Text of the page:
Motorsports is expensive. It is similar to my friends hobby of sailing – which he once equated to the experience of standing in the shower and tearing up £50 notes!
As competitive beings, we like to get out there and test ourselves; both against the environment and against other people.
We also like to achieve, to succeed and to win.
Now that humans don’t need to wrestle Lions for dinner, we instead look for other ways of getting the adrenaline pumping and that feeling of “being alive”.
Motorsports provides this tonic and sometimes a bit more, as Ant Davidson (@antdavidson) discovered over the weekend at Le Mans:
Tweeting afterwards he said: “Feeling a bit sore today, but generally just happy to be alive!”
The downside of motorsports, in this respect, is that you need equipment to participate. Further more you need competitive equipment to participate, so much so that at the highest level in motorsports, the equipment makes more of a difference on your results than your personal performance.
An assumption that is often made, however, is that the equipment is the limiting factor at any level in motorsports.
Clearly this can’t be the case. Therefore if you want to know how to save money in motorsports then one way is to invest more on understanding your own performance until you’re competitive enough to genuinely take advantage of that extra 5hp your £5k engine re-build will give you.
But I would say that
One thing we are developing at Pace Insights are some measures to help drivers understand when its worth considering those expensive “refinements” to your equipment to gain performance.
I am proposing to that save you money in motorsports use some measures looking at understanding your performance as a driver and focusing on improving these measures before you spend a lot of money improving your vehicle a bit.
For example, one that you might like to try is what we are calling your “Pace-Insights-Average” score or “PIA” score.
This measure looks at the consistency of your driving by comparing the laptimes you achieve in consistent environmental conditions.
To use it you look at your PIA number, compare this to your PIA target and your success on track and if you’re not winning or on the front row, then its time to consider having a look at improving your kit.
In practise you might consider saying to yourself and/or your team, “Until I as a driver can achieve a PIA of less than 0.5secs, we are not going to change the car.”
A couple of notes on that:
- 0.5 seconds is an arbitory number for this example. Consider 2% of total laptime as a good starting point. It does depend on your category of racing as to what this number should be.
- Clearly if you feel the vehicle is dangerous thats a different story and you’ll need to change it, but something you can take a view on at the time I am sure …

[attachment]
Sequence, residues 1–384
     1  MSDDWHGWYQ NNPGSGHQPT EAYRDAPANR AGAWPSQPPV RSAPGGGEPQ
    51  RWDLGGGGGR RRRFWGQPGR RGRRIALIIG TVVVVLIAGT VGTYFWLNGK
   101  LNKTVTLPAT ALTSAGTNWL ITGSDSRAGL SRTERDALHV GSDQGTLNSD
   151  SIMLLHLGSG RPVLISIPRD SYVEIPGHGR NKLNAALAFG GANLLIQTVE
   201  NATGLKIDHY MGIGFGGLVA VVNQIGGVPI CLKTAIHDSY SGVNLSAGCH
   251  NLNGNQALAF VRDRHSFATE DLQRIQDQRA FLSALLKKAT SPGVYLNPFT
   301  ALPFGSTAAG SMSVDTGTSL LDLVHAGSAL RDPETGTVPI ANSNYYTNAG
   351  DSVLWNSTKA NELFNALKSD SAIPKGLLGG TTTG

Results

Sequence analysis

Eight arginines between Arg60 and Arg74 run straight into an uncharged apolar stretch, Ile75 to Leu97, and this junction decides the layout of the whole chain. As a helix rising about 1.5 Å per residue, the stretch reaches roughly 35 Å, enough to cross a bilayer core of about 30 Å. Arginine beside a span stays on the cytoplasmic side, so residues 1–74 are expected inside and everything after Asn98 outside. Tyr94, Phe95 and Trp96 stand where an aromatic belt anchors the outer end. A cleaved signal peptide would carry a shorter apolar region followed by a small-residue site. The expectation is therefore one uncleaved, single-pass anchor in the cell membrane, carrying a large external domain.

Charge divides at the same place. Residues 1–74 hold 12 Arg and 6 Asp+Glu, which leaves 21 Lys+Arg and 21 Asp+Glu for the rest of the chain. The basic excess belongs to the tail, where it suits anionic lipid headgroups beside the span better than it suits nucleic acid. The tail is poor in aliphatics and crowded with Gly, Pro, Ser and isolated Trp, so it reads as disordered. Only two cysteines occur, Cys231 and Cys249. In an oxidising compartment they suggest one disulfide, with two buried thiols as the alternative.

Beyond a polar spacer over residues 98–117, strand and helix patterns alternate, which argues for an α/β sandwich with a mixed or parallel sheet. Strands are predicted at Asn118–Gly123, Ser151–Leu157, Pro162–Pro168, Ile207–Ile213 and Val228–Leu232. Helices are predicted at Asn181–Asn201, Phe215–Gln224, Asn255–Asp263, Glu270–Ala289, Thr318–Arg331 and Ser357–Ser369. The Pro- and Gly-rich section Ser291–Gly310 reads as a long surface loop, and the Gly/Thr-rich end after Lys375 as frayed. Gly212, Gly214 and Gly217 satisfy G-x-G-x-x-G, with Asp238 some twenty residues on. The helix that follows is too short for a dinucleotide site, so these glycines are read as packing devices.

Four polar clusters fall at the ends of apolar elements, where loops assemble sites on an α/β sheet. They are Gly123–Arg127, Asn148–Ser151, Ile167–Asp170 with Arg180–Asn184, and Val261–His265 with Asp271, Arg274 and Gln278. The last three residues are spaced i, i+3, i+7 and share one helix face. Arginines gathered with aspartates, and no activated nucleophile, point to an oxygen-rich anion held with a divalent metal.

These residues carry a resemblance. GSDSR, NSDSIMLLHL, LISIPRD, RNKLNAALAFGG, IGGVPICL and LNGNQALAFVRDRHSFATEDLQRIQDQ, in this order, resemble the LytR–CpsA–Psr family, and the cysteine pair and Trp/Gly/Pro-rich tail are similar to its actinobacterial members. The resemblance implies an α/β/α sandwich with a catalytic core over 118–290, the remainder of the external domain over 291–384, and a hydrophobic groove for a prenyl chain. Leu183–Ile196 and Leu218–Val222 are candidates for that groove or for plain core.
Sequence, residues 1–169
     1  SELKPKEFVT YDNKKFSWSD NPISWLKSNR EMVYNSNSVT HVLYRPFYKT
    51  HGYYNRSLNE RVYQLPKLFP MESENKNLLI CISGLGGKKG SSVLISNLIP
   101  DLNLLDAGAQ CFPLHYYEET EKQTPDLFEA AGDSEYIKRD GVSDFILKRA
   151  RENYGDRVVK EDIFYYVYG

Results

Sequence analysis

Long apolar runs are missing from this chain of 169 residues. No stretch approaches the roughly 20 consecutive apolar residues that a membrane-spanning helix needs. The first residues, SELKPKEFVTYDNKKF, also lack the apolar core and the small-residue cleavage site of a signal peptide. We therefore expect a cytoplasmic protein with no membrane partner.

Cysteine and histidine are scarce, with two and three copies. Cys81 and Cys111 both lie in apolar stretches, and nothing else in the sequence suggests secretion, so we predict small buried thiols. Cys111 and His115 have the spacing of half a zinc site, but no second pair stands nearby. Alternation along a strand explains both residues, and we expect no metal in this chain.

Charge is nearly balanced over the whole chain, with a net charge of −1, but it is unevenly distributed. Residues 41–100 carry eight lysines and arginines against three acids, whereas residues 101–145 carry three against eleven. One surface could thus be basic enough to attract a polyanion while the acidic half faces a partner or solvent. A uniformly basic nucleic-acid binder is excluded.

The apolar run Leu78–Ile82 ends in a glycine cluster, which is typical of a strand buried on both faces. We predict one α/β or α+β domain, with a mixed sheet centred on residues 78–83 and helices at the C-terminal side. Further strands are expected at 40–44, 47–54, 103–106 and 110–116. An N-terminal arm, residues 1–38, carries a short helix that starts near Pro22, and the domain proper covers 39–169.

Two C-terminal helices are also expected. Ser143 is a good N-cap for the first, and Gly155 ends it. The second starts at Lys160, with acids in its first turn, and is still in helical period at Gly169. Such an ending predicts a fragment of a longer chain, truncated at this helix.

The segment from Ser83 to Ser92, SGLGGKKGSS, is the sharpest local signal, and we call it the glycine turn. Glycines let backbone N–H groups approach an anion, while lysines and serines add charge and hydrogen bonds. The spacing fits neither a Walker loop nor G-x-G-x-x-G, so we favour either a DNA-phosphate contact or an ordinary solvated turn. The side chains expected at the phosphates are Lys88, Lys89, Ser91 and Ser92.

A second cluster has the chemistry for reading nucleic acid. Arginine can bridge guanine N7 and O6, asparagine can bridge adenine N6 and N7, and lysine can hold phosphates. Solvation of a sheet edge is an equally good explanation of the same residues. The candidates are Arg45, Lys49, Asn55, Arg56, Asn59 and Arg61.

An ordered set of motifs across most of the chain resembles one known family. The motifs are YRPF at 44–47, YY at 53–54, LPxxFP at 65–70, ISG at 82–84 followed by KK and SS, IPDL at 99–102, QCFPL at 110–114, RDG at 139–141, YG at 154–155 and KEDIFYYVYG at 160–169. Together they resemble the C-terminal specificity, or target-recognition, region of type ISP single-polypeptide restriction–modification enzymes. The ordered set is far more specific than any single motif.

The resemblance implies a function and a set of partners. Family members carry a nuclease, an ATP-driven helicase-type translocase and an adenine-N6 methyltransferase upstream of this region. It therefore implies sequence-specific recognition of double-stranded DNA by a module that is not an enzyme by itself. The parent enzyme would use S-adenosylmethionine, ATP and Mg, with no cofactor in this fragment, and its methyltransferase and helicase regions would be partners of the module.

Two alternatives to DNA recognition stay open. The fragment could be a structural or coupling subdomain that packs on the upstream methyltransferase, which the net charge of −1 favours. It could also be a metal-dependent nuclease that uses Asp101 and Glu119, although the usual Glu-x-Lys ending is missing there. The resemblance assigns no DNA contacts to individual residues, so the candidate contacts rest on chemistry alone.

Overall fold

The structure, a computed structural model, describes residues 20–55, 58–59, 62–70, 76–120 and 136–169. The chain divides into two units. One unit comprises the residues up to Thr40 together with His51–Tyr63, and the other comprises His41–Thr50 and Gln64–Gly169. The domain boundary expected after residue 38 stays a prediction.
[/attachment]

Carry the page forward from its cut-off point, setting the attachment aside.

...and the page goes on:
OK. So to calculate your PIA, you simply take your last three lap times and average them. Then you calculate the standard deviation on these averages, either as you go along or at the end of a session. This your PIA score.
A couple of worked examples:
The target PIA was decided as 0.5 seconds. The driver did two runs. On run one the lap times were too inconsistent. The vehicle performance was masked by the inability of the driver to lap the track consistently. The driver didn’t achieve the PIA target and therefore no changes were made to the vehicle.
On run two the driver improved a lot. The lap times easily beat their PIA target.
They now need to compare where they are with the competition. If they’re not up at the front then it might be worth investing in a few changes.
One interesting thing about using your PIA number is that it copes with lap time inconsistency on a single lap; say if the driver had a lap ruined due to traffic or a mistake, the measure is able to cope with this (as per lap 3 in the above example).
The PIA score aims to unearth a drivers true consistency and ability to extract the most from the vehicle on a consistent basis. It proves a starting point for then deciding whether, or at what point, to invest in refinements to the vehicle.
In Formula 1 they have had a long running debate on how to save money in motorsports. It is a strange one as people will spend what they can get to give them a performance advantage. Particularly in such a high profile category. Measures such as a cost cap are therefore a nonsense as you then get into issues with accounting subtleties.
Gary Anderson has put forward what might be a nice solution for Formula 1 in his BBC commentary blog; namely to limit the number of chassis part changes per season, like the limit on number of engines etc. I quite like it.
I’d be interested to know what people think of the PIA score, once they have had a chance to try it out.
Its our belief that understanding your performance will help people improve and potentially save them a bit of money in the meantime.
Pace Insights is a start-up based in Warwick, UK. We are building a next-generation platform for easier high performance data analysis and management, specifically for the motor sports market.